Yesterday, I received an email from what appeared to be a potential client. The Email was sent from a marine engineer, or so he said, who wanted a website for his growing oil company. The client, lets call him 'Bob', claimed that he wanted his website to be the best of the best and that he had the funds to pay for it; upward of $10,000. Of course, I am going to say yes to that!
There was a slight setback however; 'Bob' claimed he was on a trip and wouldn't be able to pay via direct-deposit. Instead he asked if he could pay with Credit Card. At this point, I replied to him that we could start building the website if he was serious, and have him pay me by Credit Card, using PayPal. The same evening, I receive another Email from 'Bob'. He claimed that after talking with his consultant, who is going to provide the content for the website, he is not able to go ahead with the website, until his consultant gets paid. The consultant cannot accept Credit Card. So, Bob asked me to do him a favour in this regard; specifically, he wanted me to charge his Credit Card $5000, keep $2000 in advance for the website and Direct Deposit $3000 to his consultant.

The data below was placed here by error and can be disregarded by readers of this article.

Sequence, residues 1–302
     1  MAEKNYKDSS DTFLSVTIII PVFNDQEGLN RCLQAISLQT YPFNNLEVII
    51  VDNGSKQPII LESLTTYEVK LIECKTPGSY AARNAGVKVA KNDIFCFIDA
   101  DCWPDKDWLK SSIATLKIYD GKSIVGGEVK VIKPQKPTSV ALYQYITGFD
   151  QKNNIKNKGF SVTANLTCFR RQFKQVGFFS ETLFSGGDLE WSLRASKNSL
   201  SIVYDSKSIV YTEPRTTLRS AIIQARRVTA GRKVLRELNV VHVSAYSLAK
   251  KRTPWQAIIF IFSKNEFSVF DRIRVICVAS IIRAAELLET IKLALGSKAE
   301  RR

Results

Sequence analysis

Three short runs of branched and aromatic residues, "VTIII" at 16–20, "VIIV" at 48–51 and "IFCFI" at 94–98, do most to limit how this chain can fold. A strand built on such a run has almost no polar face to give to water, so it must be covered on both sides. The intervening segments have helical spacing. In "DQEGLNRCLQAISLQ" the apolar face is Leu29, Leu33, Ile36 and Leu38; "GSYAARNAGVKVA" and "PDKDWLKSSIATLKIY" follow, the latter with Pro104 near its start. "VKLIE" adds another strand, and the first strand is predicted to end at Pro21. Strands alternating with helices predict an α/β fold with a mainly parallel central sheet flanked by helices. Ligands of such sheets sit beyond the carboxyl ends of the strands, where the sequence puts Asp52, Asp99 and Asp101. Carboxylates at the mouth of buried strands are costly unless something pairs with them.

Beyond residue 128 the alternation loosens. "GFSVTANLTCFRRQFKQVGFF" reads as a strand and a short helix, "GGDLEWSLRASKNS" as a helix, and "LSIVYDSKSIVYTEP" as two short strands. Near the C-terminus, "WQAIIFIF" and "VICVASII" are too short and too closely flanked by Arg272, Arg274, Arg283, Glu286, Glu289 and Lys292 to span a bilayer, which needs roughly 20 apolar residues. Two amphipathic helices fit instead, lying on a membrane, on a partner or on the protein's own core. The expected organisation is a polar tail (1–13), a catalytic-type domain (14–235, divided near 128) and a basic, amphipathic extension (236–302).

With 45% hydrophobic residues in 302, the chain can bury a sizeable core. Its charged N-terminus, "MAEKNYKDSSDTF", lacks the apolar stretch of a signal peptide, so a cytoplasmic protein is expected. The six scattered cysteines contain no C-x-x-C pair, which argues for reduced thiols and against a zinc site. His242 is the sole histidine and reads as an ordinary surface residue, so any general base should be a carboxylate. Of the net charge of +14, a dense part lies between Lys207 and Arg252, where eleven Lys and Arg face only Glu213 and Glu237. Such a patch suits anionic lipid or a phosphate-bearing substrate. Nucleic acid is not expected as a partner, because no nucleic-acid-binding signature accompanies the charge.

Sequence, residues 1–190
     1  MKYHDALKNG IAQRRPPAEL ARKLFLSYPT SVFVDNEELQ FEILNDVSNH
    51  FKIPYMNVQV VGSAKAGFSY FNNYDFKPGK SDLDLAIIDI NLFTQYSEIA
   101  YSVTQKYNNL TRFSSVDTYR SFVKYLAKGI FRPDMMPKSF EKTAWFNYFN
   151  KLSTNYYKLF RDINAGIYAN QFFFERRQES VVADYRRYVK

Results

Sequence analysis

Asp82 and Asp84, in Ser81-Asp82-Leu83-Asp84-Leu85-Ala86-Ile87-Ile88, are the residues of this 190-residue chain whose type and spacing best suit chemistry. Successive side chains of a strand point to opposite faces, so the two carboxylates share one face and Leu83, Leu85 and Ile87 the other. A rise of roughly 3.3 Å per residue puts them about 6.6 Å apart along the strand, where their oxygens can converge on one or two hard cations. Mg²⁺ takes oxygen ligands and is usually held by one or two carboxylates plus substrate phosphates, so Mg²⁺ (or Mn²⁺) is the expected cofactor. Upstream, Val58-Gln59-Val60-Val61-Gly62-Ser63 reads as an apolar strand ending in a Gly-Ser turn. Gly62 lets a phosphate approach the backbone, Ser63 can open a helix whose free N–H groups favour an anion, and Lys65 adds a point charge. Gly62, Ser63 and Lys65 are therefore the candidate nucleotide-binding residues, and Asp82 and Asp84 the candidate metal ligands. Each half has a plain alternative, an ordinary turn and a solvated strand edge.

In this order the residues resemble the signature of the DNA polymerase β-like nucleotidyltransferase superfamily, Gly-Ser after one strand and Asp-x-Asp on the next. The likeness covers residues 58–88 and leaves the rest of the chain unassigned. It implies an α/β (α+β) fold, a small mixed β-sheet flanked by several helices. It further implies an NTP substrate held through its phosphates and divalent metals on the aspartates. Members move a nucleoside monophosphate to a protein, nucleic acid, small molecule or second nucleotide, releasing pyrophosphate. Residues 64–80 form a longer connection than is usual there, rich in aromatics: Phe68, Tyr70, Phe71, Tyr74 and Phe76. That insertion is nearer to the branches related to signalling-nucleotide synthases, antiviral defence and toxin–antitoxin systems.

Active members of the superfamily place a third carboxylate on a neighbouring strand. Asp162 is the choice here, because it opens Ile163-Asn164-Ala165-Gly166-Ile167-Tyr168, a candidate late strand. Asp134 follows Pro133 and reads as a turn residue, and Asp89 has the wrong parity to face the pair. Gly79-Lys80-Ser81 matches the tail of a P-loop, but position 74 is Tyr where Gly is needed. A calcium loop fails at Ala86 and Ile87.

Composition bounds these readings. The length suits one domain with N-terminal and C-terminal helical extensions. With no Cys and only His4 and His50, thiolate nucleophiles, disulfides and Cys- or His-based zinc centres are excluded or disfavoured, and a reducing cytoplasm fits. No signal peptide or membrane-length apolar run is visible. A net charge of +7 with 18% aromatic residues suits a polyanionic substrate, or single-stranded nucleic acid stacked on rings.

At this point, it is not difficult to see 'Bob' for what he truly is: a Credit Card scam artist.
When I Emailed 'Bob' back to let him know that its not possible due to the fact PayPal hold these transactions for two weeks, he magically disappeared. He did not respond to any further Emails, and left me in a state of limbo.
Of course! If I had not realized the trick, I would have lost $3000 to an alleged "consultant", and the $5000 Credit Card payment would have fell through. However, to be honest, I was more disappointed to lose the opportunity to make a truly amazing website for a client.